Achieving your ambitions, dreams, and having a suitable life in a country like Lebanon is not an easy thing. You find yourself struggling to overcome the social, economical, and political barriers, all of which integrated in a manner that you stuck in the middle and eventually find yourself escaping to a total different country. Immigration is then the only solution to an ambitious independent person in a search for a suitable fulfilled life.
The immigration phenomenon from Lebanon towards the massive countries of the world is not a new thing. It has always been there as ugly as the truth might be that this country fails in evolving and providing the minimal needs for a suitable life. In the 20th century a large number of youth got in ships and left towards Mexico, El –Salvador, America, Brazil, Australia, and other countries in chase for a better life.
In approximately 1922 a young man, “Hassan Fayad Ismael”, accompanied by his brother “Ahmad”, got in one of the ships leaving behind a wife and three little girls “Fahima, Kamillah, and Mariam”. He left like many others in chase of the unknown.
The three girls never knew their father, they were very young when he left and he was never able to come back. Time passed and each of the girls grew up and got married and had her own family, by then they knew little about their father through letters brought by a friend of his.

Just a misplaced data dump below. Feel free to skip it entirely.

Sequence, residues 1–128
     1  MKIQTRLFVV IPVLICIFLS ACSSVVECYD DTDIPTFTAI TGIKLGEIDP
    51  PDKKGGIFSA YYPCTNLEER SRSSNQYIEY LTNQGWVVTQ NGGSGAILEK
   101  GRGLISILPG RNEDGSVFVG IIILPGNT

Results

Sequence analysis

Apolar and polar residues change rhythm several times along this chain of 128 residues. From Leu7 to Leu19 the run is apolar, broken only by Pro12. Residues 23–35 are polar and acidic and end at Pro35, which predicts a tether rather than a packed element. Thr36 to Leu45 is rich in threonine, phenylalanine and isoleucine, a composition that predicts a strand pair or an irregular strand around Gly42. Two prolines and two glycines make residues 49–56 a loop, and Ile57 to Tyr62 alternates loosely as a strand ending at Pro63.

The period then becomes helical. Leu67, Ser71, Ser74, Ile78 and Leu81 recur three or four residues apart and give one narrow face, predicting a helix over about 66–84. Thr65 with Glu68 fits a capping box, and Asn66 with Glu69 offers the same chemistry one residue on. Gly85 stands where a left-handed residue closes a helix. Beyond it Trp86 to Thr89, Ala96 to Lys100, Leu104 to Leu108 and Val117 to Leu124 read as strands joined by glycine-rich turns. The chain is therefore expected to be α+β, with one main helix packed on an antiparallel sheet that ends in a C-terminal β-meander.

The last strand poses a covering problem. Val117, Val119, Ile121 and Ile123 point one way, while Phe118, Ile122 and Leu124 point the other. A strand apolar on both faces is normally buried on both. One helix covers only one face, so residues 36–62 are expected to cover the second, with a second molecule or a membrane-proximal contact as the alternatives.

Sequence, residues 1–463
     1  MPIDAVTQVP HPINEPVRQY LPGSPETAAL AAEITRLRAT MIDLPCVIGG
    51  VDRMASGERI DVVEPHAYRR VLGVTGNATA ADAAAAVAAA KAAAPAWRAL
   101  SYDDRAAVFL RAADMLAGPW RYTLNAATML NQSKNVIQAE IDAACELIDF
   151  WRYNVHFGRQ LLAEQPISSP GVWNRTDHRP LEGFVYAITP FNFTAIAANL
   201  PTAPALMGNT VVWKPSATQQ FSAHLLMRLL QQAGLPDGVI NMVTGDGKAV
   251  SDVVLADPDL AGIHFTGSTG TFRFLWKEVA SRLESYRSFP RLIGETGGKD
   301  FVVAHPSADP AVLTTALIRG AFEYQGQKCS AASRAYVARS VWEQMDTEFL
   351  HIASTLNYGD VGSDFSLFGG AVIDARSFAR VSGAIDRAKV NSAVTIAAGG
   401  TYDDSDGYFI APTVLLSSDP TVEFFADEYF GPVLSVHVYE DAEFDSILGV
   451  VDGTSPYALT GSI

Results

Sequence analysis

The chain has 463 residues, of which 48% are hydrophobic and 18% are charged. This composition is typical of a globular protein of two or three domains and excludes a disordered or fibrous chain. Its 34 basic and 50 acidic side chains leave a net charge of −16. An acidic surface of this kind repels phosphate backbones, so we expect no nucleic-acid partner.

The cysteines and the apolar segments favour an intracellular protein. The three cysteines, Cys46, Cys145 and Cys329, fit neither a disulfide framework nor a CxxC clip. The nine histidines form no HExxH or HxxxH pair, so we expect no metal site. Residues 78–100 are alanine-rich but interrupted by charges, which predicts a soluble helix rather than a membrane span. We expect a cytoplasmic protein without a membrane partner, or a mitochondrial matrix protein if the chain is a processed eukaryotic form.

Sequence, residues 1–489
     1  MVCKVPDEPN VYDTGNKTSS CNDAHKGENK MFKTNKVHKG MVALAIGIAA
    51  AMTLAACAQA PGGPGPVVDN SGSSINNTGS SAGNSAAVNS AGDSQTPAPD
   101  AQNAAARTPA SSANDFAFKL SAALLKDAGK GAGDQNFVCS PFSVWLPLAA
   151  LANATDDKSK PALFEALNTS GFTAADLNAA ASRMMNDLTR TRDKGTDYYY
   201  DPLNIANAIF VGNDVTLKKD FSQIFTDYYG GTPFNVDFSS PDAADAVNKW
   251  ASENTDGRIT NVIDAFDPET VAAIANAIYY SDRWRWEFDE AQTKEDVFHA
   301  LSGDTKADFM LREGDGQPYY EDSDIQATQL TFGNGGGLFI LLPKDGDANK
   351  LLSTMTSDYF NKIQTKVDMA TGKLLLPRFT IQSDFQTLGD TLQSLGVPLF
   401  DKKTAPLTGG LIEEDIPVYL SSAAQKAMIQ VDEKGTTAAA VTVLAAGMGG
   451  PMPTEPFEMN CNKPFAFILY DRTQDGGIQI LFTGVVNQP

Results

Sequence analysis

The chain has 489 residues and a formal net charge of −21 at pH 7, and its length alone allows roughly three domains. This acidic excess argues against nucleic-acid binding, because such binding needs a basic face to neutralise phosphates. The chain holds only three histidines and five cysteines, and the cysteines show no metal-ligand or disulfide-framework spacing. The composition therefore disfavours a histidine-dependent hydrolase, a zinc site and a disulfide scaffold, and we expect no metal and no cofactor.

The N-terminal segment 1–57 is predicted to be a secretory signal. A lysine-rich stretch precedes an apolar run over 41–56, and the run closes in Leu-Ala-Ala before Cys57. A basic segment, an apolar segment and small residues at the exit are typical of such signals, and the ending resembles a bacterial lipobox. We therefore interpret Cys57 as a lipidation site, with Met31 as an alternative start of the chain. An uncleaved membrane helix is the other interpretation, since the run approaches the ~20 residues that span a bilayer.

Fahima Ismael always spoke about her father mentioning how he left them when they were very young and how her mom suffered in raising them up. Despite everything she hung a picture of her father, which he had sent with the one of the letters, accompanied with his second wife and fourteen kids in her house. In her turn she had nine kids (4 girls and 5 boys) and their elder is Ibrahim Noureddine.
Ibrahim Noureddine happens to be my grandpa from my mother’s side, and the story of his grandpa whom left to Mexico long ago in the past century, is one that you never get bored with. We were raised with this story and mystery of our great grandpa whom left to Mexico and never came back despite the letters that the family received up until his friend who used to bring it died. Each time our grandpa retell the story, saying that he has fourteen Aunt and Uncle in Mexico, we wondered how they looked like. It became to an extent that whenever a Mexican Series was aired on Lebanese channels we would joke that one of the actors might be our relative.
It was always a mysterious story, somehow a missing root in the great family’s tree. We grew up and scattered around this world and my grandpa still dreams of getting to know his extended family. Time passed and on new year’s vacation back in 2008, and while my elder brother “Ahmad” was visiting Lebanon from USA, with his family, the story was brought up again and this time my grandpa brought up some papers that showed how the great grandpa’s name was written in Spanish; it showed that the family name was changed from Ismael to Fallad (Fayad in Spanish) , and there the promise was made by Ahmad and his wife Erica that they are going to find the rest of the family.